However by this time the sulphuric acid in the electrolyte was making its way into the scratches which I found somewhat unpleasant.

The open ends to the necklaces meet in the middle of the battery bank and connect to the Flow Meter.

The Flow Meter has been mounted on the front face of the battery bank where we hope it will be easy to observe.  The small yellow beads are supposed to move when water is flowing into the batteries.

All the tubing has been secured where it’s relatively easy to inspect.  The header tank end terminates in the cockpit port locker.

Blue arrows point towards the tubing.

The tubing to the header tank hasn’t been cut to length.  My intention is to deliberately leave it long until I can establish whether locating the header tank in the locker will provide sufficient head to top-up the cells in the batteries.  If it does NOT provide sufficient pressure I will leave the tubing uncut.  This will enable the header tank to be removed from the locker and held in the air to increase the pressure. 

We have two outstanding tasks before the system can be commissioned.  First, Jan has to drink the half litre of cider in (what will be) the header tank.  I may have to help her…….  OK it’s an onerous task… but someone has to do it!  The second task is to modify the plastic container so the end of the watering system tube connects to it.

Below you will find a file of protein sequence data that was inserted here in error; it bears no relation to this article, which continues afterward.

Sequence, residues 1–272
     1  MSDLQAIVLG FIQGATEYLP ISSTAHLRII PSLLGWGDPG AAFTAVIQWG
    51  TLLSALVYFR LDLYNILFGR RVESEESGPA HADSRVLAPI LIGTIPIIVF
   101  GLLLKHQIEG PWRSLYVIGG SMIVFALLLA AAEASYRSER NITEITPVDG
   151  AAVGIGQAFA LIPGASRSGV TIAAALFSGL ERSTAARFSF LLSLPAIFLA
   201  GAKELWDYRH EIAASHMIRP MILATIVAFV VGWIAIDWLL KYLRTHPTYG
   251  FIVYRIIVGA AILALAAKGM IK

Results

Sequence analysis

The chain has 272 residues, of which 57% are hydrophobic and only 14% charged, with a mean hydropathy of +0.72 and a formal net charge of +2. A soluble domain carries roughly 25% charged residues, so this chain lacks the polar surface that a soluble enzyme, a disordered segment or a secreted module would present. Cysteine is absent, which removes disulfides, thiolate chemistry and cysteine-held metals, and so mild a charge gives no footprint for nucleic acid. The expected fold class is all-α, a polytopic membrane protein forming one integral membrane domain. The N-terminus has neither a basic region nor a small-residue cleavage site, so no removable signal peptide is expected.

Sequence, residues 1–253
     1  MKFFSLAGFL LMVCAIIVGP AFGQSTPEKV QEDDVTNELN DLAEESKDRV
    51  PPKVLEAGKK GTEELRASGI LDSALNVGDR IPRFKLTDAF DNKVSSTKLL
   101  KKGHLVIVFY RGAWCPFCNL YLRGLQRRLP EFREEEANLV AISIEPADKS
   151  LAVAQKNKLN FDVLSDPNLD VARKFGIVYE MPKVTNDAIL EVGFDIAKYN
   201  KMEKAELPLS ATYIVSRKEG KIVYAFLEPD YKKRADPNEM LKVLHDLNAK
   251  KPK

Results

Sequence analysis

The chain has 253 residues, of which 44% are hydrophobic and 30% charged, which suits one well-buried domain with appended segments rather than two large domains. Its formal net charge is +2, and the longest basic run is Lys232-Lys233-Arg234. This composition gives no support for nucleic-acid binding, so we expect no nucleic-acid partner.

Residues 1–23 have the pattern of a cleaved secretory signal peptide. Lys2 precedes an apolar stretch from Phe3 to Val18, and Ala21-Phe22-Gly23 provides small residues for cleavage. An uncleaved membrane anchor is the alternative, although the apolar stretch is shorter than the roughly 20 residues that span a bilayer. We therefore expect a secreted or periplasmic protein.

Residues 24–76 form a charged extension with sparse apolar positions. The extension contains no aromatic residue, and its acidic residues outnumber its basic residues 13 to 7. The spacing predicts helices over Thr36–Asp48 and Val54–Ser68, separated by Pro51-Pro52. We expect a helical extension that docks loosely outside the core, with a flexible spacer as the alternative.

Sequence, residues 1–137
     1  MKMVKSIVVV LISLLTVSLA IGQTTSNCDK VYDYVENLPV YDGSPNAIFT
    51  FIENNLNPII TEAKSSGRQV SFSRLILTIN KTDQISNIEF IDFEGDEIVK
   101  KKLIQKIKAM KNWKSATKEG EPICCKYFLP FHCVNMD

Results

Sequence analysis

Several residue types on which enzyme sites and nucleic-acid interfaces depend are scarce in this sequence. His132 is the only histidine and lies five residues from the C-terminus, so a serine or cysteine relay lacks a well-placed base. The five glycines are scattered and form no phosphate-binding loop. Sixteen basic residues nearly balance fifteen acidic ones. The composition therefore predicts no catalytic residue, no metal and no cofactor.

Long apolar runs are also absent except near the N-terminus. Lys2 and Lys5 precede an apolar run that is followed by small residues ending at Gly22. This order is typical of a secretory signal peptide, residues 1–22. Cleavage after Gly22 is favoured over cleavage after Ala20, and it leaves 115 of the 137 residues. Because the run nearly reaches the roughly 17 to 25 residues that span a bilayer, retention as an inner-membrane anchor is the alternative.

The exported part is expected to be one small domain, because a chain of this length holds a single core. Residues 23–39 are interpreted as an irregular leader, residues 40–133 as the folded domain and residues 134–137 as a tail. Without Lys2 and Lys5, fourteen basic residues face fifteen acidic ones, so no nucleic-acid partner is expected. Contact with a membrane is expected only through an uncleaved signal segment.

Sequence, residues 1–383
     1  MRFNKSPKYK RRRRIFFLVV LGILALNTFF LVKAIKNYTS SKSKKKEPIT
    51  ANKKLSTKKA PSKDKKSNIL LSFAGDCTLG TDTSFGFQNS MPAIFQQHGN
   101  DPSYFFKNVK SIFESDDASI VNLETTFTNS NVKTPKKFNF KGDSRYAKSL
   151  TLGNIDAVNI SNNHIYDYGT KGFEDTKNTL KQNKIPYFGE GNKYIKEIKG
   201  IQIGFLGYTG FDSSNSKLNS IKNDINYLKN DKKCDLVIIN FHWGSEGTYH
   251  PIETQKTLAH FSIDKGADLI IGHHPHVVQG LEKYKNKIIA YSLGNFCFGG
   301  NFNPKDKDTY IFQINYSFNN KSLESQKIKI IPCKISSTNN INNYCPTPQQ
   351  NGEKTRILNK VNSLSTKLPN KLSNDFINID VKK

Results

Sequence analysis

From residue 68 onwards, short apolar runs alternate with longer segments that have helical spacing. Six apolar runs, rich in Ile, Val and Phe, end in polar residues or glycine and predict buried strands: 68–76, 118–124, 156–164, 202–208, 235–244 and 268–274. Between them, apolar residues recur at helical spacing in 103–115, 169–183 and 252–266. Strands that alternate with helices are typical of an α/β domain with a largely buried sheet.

At the moment the batteries do not require any water and we have been using them for four months.  I’m therefore hoping we will only need to check the header tank and watering system quarterly.  time will tell!

LATER.   We tried drinking the remaining side…… Well I did as Jan point blank refused!  Unfortunately Jan had made the correct decision as the damned stuff tasted like sulphuric acid.  No matter how hard I tried, after two sips I couldn’t bring myself to drink the stuff so it went out the side hatch.  Apparently we now have fish floating upside down in the cut beside the boat! Smile

6 comments :

Paul (from Waterway Routes) said...

You say the 3V diesel pump is still working on the original batteries.

It looks like it should work as a siphon once you get it flowing and only need power for a few seconds.

With your ingenuity you should then be able to get the flow to turn the pump in reverse and recharge the batteries so you then up with more charge than you started with.

Halfie said...